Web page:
clock menu more-arrow no yes

Filed under:

Arsenal have to decide whether they want to win now, or rebuild for the future.

New, comments

The direction of the club since the departure of Arsène Wenger has too often been muddled, without firm commitment in any direction.

Arsenal v Wolverhampton Wanderers - Premier League Photo by Catherine Ivill/Getty Images

Among Arsenal’s many issues, including tactical and organizational, Arsenal’s biggest issue is about the structure and direction of the team. In the post Arsène Wenger era, Arsenal have had essentially three directors of football, two different managers, and one confused approach. Sven Mislintat gave way to Raul Sanllehi, who gave way, eventually, to Edu. Unai Emery gave way to Mikel Arteta. The Kroenkes have remained, which is part of the problem, but this confusion has caused the club to go in several different directions, trying to satisfy the particulars of each technical director.

This of course leads to the decisions of the past summer. With Mikel Arteta installed, and Raul Sanllehi gone, Arsenal have unity of thought and purpose. Arteta has more responsibilities now, as the actual manager of the football club, and the signings during the summer sound like they were driven by Arteta, with Edu putting together the final details (for better or worse). This is actually what the club needs. Since 2018, Arsenal have both invested in younger players while doubling down on the older players at the squad.

The result is a squad now bereft of the technical quality of the Wenger years, but also confused in what it’s trying to achieve. Arsenal finished 8th last season, and were a day away from running back the same midfield, with Mohamed Elneny replacing Lucas Torreira and Mattéo Guendouzi. At the end of the summer transfer window, Arsenal spent £45m to bring Thomas Partey to the club, to improve the midfield, but also, to double down on winning now, and making the top four sooner, rather than later. A corollary to this was re-signing Pierre-Emerick Aubameyang on big wages—in some ways mirroring what Arsenal did in the winter of 2018, when Mesut Özil was kept on big wages, Aubameyang was brought in, and Arsenal doubled down on winning now. It didn’t work then, and the results of this season are not working either.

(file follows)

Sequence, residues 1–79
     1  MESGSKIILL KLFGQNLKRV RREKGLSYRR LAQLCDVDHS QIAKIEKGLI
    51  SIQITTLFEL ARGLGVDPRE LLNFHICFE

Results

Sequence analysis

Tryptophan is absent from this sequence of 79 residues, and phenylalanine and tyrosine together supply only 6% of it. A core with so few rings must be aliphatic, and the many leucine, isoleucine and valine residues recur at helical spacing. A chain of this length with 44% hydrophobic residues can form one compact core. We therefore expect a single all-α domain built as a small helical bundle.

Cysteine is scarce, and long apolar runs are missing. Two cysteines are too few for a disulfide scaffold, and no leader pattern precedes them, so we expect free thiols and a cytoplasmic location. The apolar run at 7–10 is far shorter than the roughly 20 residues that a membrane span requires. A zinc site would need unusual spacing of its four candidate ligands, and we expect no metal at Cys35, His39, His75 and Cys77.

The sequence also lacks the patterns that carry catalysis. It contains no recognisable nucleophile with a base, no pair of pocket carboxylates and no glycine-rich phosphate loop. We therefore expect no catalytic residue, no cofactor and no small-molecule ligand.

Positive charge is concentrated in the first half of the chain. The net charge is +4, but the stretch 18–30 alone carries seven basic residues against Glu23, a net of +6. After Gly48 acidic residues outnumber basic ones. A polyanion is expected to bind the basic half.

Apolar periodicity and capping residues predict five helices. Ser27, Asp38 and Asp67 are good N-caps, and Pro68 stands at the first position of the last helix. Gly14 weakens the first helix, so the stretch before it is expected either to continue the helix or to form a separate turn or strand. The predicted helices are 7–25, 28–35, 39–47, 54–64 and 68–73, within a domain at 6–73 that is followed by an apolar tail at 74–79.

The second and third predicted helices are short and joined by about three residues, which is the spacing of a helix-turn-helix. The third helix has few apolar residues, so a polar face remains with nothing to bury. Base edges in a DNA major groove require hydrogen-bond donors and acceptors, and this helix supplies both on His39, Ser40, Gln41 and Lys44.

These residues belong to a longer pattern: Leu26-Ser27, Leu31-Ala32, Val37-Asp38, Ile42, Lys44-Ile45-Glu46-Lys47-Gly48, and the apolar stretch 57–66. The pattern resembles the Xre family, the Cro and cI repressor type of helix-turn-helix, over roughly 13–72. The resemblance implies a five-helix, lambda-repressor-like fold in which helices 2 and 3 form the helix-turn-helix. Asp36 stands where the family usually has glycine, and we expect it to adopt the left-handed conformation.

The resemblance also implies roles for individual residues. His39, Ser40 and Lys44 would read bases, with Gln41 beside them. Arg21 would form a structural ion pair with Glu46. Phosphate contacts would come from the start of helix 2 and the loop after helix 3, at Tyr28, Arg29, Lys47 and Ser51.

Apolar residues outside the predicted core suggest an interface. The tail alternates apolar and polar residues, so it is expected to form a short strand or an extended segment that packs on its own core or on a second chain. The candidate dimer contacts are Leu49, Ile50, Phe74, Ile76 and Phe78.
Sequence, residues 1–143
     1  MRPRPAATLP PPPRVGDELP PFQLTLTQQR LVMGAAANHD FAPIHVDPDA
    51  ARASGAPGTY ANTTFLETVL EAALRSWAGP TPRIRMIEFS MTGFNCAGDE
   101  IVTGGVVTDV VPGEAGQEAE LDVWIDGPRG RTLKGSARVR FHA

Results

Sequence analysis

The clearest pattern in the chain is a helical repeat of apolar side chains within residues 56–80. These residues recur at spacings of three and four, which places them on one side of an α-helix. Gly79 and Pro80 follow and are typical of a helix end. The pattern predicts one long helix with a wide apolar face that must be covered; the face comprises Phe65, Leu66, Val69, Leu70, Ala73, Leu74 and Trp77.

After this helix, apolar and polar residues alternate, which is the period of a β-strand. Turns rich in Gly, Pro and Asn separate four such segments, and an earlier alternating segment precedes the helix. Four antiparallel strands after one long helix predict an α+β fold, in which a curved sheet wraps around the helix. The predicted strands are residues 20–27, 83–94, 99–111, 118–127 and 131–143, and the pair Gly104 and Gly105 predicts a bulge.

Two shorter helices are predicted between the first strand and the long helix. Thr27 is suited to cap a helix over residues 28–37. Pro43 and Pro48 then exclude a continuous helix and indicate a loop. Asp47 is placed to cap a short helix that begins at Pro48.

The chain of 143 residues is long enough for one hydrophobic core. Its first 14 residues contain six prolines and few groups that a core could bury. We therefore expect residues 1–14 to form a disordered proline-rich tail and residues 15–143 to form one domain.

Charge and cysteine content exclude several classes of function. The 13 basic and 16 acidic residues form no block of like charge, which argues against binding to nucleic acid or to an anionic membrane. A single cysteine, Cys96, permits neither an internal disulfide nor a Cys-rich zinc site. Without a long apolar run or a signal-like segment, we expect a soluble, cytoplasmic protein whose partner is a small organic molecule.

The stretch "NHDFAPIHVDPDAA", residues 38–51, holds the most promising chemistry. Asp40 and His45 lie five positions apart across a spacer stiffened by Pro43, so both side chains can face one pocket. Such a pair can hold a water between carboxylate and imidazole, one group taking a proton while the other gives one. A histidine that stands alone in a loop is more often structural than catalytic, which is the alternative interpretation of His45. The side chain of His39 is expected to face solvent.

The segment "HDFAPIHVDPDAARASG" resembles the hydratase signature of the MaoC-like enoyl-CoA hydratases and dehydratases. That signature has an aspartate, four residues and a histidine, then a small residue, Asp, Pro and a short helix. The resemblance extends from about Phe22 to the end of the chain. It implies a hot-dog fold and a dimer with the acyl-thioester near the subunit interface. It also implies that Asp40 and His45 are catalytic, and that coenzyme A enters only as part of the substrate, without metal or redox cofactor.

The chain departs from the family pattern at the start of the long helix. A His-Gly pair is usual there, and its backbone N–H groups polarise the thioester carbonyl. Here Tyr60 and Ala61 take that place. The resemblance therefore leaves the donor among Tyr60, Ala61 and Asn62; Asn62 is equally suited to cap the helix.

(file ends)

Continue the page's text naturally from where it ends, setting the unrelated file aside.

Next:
Essentially, Arsenal have neither committed to a rebuilding of the team, but nor have they committed to winning now. Both have been a series of half-measures. On one hand, signing Kieran Tierney, William Saliba, Gabriel Magalhães, and Gabriel Martinelli are good steps to rebuilding to the future. But they are only half-measures; as Arsenal have spent some money on younger players, they have also spent a significant amount of money on signing Thomas Partey and Nicolas Pépé, on re-signing Pierre-Emerick Aubameyang, on the wages of Willian, and augmenting the squad with the likes of Cédric Soares and Pablo Mari.

The signing of senior players too, is a half-measure. If Arsenal were going to go all-in on winning now, then the signing of William Saliba, for example, is a confusing one: a significant expenditure given the resources available for a player who, as part of the deal, couldn’t even play for the club until this season. Thomas Partey was signed, which is a very much win right now move; but, Arsenal didn’t do anything else to restructure the midfield. Arsenal also went all-in on winning now with an attack of Aubameyang, Pépé, Lacazette, Willian, and some talented young players, as the series of half-measure moves have led to a dearth of players in the 24-27 age range at the club.

This is a significant problem for a club that is lacking direction. Whenever Arsenal are forced to next hire a head coach, be it six months from now, a year from now, or two or three years from now, this is the larger problem they have to confront: what do they want the club to be? Do they want the club to be in win now mode? Or do they want to be rebuilding for the future? For now, the series of half-measures leaves Arsenal walking backwards while the promise of a better future moves further and further away.